Take the 2-minute tour ×
Stack Overflow is a question and answer site for professional and enthusiast programmers. It's 100% free, no registration required.

Is there a way to release an object that was accessed using late-binding (i.e. created by the Activator.CreateInstance() method)?

I have an application that transforms files from one format to another. The assemblies that perform these translations live in a folder in my application directory.

When the application first starts up, I can delete these assemblies from the translation folder without any errors. However, once I process a document through the application (and have bound to one of the translation assemblies using late-binding), I can no longer delete the translation assemblies. At this point, I'm receiving an error message stating that the file is "in use by another application".

Is there a way to "release" the late-bound object in my application once I'm finished using it?

share|improve this question
    

2 Answers 2

up vote 1 down vote accepted

Once an assembly is loaded into an application domain it'll remain until the app domain shuts down.

To get around this load the assembly into it's own application domain, for example:

AppDomain app = AppDomain.CreateDomain("PlugInDomain");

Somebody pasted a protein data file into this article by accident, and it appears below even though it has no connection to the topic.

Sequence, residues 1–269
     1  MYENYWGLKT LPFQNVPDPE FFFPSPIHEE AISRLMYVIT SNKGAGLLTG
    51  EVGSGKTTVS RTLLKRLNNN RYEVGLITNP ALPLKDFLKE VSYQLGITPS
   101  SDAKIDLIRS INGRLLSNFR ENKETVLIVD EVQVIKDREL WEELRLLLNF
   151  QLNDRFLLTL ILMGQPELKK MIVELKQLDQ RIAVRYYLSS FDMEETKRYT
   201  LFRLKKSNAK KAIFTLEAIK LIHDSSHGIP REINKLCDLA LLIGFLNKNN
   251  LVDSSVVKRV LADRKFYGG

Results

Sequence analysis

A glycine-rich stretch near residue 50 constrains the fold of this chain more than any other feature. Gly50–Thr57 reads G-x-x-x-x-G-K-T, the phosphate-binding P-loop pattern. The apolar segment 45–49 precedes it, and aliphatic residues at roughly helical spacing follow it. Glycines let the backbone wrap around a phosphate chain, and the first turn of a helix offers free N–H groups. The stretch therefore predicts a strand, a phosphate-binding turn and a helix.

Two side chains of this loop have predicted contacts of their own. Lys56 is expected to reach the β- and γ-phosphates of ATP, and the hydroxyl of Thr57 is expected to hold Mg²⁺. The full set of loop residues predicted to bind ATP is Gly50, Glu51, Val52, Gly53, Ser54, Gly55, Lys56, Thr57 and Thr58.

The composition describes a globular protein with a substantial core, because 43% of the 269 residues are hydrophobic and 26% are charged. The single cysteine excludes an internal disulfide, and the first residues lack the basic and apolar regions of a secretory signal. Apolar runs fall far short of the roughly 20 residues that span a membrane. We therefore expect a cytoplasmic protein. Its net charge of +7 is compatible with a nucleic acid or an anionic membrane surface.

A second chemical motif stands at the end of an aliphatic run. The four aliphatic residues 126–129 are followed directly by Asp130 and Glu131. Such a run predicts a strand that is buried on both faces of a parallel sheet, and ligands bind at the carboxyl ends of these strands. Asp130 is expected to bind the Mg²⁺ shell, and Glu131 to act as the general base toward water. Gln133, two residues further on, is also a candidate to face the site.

ObjectHandle objectHandle = app.CreateInstanceFrom(assemblyPath, 
             "MyNamespace.MyComponent");
MyComponent component = (MyComponent) objectHandle.Unwrap();

// do stuff

// Now kill app domain, assembly can be overwritten after this.
AppDomain.Unload(app);
share|improve this answer
    
Perfect!! Thanks Kev!! –  pmartin Oct 13 '10 at 16:58

Once an assembly is loaded into the executing AppDomain, it cannot be unloaded (regardless of whether it is creating via reflection with Activator.CreateInstance).

The recommended approach here is to implement a secondary AppDomain with a lifetime that can unload when it wants to dispose the assemblies.

There are tons of examples, but here is one: http://www.dotnet247.com/247reference/msgs/28/142174.aspx.

Since managing the lifetime of secondary AppDomains can be a pain, as an alternative, if you are using ASP .NET and are looking to load many dynamic assemblies, you can check when your current AppDomain becomes saturated with dynamically loaded assemblies by binding to the AppDomain.CurrentDomain.AssemblyLoaded event and keeping count, then requesting the hosting environment recycle the current AppDomain when it hits a critical number (say 500) like:

HostingEnvironment.InitiateShutdown();
share|improve this answer

Your Answer

 
discard

By posting your answer, you agree to the privacy policy and terms of service.

Not the answer you're looking for? Browse other questions tagged or ask your own question.